Witching Culture: Folklore and Neo-Paganism in America

By Ellis, Bill | Western Folklore, Fall 2006 | Go to article overview

Witching Culture: Folklore and Neo-Paganism in America


Ellis, Bill, Western Folklore


Witching Culture: Folklore and Neo-Paganism in America. By Sabina Magliocco. (Philadelphia: University of Pennsylvania Press, 2004. Pp. 268, acknowledgments, introduction, notes, bibliography, index. $55.00 cloth, $19.95 paper)

This work documents how Neo-Pagan communities "use folklore, or traditional expressive culture, to establish identity and create a new religious culture." The author characterizes this new religious movement as a "folk revival" comparable in importance to the folk music revival of the 1960's. As such, it raises many of the same issues: Is revival Witchcraft an "authentic" religion or simply a cross-disciplinary commodification of traditions poached from marginalized cultures? How "genuine" is a religion whose eclectic and highly fictionalized framework is patent to most of its participants? Finally, how meaningful is the Neo-Pagan self-identity as a historically oppressed minority, when the majority of its participants are White, educated, and middle class?

Magliocco, a participant observer of the California Neo-Pagan community, uses post-modern anthropological and recent folkloristic theory to explore these issues. The result is a multi-textured work that succeeds in two important ways: it makes a compelling case for revival Witchcraft as a living folk religious tradition, and it demonstrates that modern folkloristic theory is the appropriate tool for analyzing it.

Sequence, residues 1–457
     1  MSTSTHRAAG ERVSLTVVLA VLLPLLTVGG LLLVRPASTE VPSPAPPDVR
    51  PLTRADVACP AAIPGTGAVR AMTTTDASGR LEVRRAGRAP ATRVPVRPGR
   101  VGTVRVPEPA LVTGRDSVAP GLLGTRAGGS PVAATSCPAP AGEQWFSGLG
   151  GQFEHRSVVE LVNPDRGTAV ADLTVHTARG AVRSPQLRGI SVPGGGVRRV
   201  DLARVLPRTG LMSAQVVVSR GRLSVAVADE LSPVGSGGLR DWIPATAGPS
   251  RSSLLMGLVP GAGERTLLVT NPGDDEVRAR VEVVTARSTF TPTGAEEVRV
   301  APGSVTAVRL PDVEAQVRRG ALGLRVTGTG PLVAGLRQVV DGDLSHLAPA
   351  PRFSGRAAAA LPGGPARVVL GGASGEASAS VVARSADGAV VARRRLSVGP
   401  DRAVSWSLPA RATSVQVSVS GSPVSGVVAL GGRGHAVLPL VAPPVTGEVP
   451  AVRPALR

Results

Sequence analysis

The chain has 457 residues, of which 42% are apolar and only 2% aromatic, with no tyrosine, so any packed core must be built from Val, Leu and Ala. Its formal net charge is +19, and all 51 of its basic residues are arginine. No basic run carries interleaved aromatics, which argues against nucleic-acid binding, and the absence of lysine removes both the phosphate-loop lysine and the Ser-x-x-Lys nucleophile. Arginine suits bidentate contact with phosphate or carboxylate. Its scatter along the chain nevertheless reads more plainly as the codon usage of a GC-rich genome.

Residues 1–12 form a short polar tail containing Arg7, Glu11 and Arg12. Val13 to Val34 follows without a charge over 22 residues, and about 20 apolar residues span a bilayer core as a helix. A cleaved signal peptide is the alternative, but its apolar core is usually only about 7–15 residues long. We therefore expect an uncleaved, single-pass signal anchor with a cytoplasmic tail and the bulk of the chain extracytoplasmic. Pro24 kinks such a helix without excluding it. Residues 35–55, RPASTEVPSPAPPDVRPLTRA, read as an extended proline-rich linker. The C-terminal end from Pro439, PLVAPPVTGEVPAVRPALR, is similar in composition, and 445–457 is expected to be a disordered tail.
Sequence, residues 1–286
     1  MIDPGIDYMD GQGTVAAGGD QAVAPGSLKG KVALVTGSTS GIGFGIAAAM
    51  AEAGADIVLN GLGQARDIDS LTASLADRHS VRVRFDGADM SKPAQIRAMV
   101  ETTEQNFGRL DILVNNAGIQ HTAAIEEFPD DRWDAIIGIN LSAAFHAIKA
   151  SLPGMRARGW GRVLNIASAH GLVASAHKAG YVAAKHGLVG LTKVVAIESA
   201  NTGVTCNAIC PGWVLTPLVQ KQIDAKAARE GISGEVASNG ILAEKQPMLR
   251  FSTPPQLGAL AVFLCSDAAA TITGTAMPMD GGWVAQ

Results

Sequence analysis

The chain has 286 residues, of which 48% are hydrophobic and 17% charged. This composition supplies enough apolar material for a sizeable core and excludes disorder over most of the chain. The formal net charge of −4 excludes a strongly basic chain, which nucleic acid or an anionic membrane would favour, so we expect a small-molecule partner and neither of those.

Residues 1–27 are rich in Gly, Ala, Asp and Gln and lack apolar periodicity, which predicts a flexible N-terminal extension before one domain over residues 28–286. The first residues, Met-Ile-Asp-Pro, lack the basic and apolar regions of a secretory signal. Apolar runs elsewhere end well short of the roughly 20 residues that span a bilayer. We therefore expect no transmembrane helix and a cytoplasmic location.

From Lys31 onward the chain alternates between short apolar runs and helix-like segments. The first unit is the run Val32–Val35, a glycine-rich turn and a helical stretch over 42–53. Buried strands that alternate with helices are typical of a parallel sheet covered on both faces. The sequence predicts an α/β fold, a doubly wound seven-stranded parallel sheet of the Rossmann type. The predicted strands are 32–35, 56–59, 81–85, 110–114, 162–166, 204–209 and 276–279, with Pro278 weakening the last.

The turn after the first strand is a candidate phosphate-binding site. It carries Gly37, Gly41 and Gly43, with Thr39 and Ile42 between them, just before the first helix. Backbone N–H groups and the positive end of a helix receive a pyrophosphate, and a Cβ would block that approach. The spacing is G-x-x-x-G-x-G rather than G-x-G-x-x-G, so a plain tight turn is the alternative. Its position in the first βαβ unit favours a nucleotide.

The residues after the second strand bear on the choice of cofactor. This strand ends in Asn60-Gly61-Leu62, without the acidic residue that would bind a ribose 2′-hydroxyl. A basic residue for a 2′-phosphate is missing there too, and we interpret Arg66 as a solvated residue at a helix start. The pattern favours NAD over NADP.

The work is divided into three sections. The first, "Roots and Branches," begins with a fine survey of "pagan" thinking, starting with the magical texts of historical antiquity and showing how successive waves of European reinterpretations of "paganism" influenced the emerging disciplines of anthropology and folkloristics. It then reviews how revival Witchcraft and Neo-Paganism are themselves grounded in the practice of ethnography, both amateur and professional.

A second, more innovative section, "Religions of Experience," addresses the contested concept of "magic." Drawing on accounts of ritually induced trance experiencesher own and those of her Neo-Pagan companionsMagliocco argues that revivalist magic is not simple make-believe but a "reclamation of traditional ways of knowing that privilege the imagination" (97). She presents ritual as a strategy intended to invoke, train, and share imaginative experiences. Further, she argues, it is "a kind of grammar"-one wishes Magliocco had noted this word's historical connection with "grimoire," or manual of instruction in magic-that allows participants both to reproduce successful rituals and to generate new ones (138). Becoming familiar with ritual allows Pagans to control extraordinary experiences and induce them in socially acceptable ways, she finds (154-55). Similarly, the aftermath of rituals allows participants to generate narratives about their visions, which also helps integrate their experiences into the belief system of the community (168-69). Nevertheless, she insists that while beliefs, narratives, and rituals help believers understand and use their experiences, experiences do not in themselves create such alternate states of consciousness. Rather, she argues, experience needs to be understood as the source of beliefs and practices, not their products. Following Hufford (1995), she argues that Neo-Pagan visions are real, somatic events, based on experiences attested in many other religious traditions. This bold, well-argued premise is well documented by Magliocco's field notes, but one wishes that she had brought in more frequent examples from parallel religious movements to clinch the argument.

For instance, her discussion of "aspecting," i.e., embodying a Pagan god or goddess, recalls Spiritualism, where, as Alex Owen (1990) showed, mediums ritually adopted a "spirit guide" personality to subvert Victorian norms.

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